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Description

The Hodgeheg is a children's book written by author Dick-King Smith, who specializes in animal books. It is all about a hedgehog. His goal is to cross the road and get to the park. But he is involved in several car accidents; this leads to him becoming confused, calling himself a "Hodgeheg". Will ever be able to cross the road?

Reader's Reviews

1

It may be for younger kids, but they will love it! It would be better to read aloud as smaller children wouldn't be able to read most words as it's mixed up speech and would be very confusing.

2

'The Hodgeheg' is written from the perspective of a hedgehog called Max who has seen a lot of road accidents involving hedgehogs.  He aims to find a safe way for hedgehogs to cross the road to get to the park, however along the way he is involved in a few accidents himself and receives a bump on the head.  This results in Max's speech becoming mixed up and his sentences not forming properly.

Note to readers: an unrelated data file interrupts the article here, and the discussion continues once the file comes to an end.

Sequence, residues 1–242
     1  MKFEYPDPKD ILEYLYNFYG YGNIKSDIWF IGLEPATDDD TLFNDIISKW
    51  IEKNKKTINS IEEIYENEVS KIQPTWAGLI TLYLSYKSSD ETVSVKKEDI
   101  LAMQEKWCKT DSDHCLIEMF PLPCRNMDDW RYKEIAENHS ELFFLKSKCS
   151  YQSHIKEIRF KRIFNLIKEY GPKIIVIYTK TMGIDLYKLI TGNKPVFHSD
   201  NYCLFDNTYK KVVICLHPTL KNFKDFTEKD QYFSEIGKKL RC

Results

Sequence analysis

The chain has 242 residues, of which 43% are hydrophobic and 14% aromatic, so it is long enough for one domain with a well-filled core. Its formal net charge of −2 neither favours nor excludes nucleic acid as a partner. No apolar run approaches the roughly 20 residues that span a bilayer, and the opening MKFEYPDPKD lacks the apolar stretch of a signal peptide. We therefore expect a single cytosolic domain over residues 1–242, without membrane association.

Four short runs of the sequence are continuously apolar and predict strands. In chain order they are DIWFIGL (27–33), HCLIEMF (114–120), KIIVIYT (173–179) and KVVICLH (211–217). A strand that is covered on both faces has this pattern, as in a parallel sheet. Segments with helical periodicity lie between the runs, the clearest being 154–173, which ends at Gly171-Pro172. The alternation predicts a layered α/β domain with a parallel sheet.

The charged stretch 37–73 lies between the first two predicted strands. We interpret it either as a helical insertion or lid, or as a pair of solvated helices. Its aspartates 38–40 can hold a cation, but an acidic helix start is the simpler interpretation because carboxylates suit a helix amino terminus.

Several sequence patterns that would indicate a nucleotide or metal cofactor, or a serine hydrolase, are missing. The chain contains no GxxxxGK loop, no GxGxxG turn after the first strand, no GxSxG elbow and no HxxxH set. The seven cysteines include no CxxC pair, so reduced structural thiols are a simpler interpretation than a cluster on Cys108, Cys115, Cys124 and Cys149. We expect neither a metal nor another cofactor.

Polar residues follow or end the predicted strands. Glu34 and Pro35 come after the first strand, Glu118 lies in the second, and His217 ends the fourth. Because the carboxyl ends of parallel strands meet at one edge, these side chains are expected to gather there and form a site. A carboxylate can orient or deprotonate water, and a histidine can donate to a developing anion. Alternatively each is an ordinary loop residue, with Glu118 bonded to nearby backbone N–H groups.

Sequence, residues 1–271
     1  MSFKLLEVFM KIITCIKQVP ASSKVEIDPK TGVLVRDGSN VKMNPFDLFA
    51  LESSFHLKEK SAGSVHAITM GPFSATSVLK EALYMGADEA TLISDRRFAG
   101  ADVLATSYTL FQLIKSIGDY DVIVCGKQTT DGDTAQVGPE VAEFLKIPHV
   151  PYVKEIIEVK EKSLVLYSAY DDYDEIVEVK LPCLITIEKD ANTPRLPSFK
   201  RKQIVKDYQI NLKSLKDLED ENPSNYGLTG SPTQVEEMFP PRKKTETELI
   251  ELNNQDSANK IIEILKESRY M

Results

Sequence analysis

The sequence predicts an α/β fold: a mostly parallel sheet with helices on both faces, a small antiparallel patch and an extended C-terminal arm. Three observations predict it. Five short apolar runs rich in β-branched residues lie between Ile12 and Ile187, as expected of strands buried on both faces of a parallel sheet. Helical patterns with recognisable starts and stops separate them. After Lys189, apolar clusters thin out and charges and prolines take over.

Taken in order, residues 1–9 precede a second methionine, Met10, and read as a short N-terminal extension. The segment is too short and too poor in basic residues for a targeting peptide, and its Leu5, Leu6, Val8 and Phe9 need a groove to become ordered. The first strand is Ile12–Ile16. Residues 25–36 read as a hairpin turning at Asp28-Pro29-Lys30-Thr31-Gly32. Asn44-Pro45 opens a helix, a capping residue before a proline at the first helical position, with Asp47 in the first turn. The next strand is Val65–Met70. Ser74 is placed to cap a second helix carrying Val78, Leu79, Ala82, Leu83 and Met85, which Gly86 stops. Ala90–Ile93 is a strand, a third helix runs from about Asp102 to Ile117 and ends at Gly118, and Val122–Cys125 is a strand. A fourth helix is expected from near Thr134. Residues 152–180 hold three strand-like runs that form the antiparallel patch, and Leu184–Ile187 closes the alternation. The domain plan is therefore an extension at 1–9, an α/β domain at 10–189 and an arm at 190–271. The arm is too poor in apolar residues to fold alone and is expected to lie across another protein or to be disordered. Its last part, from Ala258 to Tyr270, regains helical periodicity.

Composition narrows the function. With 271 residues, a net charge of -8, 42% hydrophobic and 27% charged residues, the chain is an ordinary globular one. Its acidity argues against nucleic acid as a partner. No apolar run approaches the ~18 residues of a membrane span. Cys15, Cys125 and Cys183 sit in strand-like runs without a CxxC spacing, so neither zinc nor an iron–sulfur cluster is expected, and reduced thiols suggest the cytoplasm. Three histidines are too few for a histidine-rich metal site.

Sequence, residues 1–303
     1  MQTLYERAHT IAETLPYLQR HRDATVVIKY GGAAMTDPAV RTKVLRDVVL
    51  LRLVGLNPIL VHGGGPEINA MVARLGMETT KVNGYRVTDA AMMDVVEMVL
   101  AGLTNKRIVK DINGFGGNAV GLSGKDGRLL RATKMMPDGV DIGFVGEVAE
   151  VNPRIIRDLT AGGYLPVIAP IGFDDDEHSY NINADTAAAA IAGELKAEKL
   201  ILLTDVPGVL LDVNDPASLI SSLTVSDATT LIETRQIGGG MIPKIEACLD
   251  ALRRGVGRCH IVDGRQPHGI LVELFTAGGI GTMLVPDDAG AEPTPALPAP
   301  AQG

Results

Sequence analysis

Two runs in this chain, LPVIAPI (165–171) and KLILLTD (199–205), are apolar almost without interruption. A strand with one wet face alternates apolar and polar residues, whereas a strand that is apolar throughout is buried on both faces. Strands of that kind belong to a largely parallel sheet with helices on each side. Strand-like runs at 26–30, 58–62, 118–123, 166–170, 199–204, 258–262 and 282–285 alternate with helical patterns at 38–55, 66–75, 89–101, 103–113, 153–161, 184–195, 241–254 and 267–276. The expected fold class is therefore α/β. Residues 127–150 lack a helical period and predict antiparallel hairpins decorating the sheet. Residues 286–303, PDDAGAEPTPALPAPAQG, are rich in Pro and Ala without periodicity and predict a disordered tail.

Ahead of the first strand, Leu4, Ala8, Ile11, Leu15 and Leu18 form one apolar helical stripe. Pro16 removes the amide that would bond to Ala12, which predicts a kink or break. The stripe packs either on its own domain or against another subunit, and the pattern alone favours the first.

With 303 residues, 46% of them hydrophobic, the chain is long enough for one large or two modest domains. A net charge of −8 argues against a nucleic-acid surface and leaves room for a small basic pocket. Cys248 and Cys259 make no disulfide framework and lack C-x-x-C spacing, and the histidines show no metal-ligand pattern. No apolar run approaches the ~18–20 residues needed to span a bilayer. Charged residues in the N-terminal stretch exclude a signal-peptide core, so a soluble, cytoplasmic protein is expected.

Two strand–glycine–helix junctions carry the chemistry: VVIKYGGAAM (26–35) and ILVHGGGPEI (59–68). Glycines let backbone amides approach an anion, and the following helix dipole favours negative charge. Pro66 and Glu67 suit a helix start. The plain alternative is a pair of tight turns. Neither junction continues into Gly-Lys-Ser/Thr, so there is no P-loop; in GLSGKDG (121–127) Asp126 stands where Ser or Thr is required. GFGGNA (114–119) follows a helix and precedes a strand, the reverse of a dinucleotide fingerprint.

This book would be very useful for teaching children about road safety in a PSHE or citizenship lesson.  The processes Max goes through to find a safe way to cross the road means that the reader is introduced to several different road safety issues and different kinds of crossings.  King-Smith also uses the fact that Max is a hedgehog to be able to describe human objects in an unfamiliar way.  The illustrative language and use of adjectives is very helpful for children to extend how they describe things and to think about things from a different perspectives.

'The Hodgeheg' could be used to allow children to discuss the formation of sentences.  It can be used interactively for children to correct Max's sentences themselves and work out how they should have been pronounced.   Interaction and animation is rife throughout the book, which makes is a very fun resource not only for reading alone but also for reading aloud as part of a group.

There are not many pictures in the book, but the text engages the reader and is simplistic enough that younger children in Key Stage 1 would enjoy it if it was being read aloud to them.  The main audience of the book would probably be lower Key Stage 2 children aged 7 and up. 

Parental Guidance

  • Reading Age: 7+
  • Read Aloud Age: 3+

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